A Brave New World in Solar Energy | Living Planet | DW | 01.06.2004
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Living Planet

A Brave New World in Solar Energy

Work is beginning on Europe's first commercial solar thermal power plant in Spain. But a lack of political and economic will means solar power is not realizing its potential as a renewable, clean energy of the future.

Scientists at the EU research center in Almería, Spain have found the secret to solar thermal energy.

Scientists at the EU research center in Almería, Spain have found the secret to solar thermal energy.

The technology using the sun’s heat to make steam to produce electricity is currently in its infancy. It is still outshone by another type of solar power: the familiar photovoltaic panels which convert sunlight directly into electricity.

But this could change. Europe's first commercial solar thermal power plant is being built near Seville in Spain. It is the result of a decade of research by European scientists at the solar platform center PSA in Almería. They believe that solar thermal power could meet the world's energy needs in the future.

PSA’s director Eduardo Zarza Moya is confident that solar thermal technology will deliver electricity on a mass scale. "If we use only one percent of the desert area of the earth, we could produce 100 percent of the world electricity demand with this technology."

But the political support is missing, he adds. "I think we need a strong political will to promote these technologies because we are still a bit more expensive than conventional power systems and therefore we need some support and subsidies to go into the market."

Cutting-edge technology

At PSA, a multitude of mirrors turn and track the sun, directing its rays towards a massive control tower. Here, the energy is used to make steam out of water, which turbines then convert into electricity.

Solaranlage in Almeria

These solar thermal electric panels at PSA are the technology of the future.

This is one of the ways that researchers at the EU solar platform in Almería are looking into how to most effectively concentrate the sun's rays to produce electricity. This breakthrough technology will power Europe's first commercial solar thermal plant near Seville.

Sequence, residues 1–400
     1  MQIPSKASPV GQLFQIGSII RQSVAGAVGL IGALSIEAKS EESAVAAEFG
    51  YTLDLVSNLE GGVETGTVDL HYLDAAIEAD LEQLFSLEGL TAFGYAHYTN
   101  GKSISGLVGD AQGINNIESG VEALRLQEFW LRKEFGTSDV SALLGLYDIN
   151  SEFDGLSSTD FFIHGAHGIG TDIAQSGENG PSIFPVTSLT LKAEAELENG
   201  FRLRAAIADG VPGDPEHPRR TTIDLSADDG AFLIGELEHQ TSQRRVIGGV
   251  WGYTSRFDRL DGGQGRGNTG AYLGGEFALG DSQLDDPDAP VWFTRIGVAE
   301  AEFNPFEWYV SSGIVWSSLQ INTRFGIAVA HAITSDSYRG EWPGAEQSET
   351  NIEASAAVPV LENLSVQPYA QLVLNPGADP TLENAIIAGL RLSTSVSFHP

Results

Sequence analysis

It is expected to be completed in 2006. It will be carbon dioxide neutral and be pioneering efforts to reduce carbon dioxide emissions to curb global warming and climate change.

Solar thermal is a technology in its early stages. But some believe it’s the vision for a clean energy future. For now, however, it is photovoltaics that are the only solar power commercially available.

Europe's biggest plant is being built on the same site as the solar thermal facility near Seville. Pablo Martinez from the developers ABENGOA says both solar technologies have potential.

"I believe that in 10 to 15 years time, both types of solar energy -- solar thermal and photovoltaic -- will produce as much power as wind does today," says Martinez. "It will really complement the oil and gas sectors. Of course, the authorities will need to push it a lot for it to get public support."

An uphill struggle

Solar power only makes up a fraction of Spain's renewable energy sector, lagging behind wind power and bio-energy. Few people have solar panels installed at home, put off by high installation costs and delays.

WWF Logo

The Worldwide Fund for Nature is trying to raise awareness for renewable energies.

Mar Asunción, head of climate change at WWF Spain, says low public awareness and little political interest have resulted in poor reception to renewable energy. "The lack of political will has developed this situation, because it didn't send the right message to the producers and they didn’t make the switch from fossil fuels to renewables," she says.

WWF is working with the regional authorities to promote a package of renewable energies and energy efficiency in the fight against climate change. But it is an uphill struggle to turn the tide. Spain 's carbon dioxide emissions have gone up by 40 percent since 1990. Like many EU countries, it is currently failing to comply with its Kyoto Protocol commitments.

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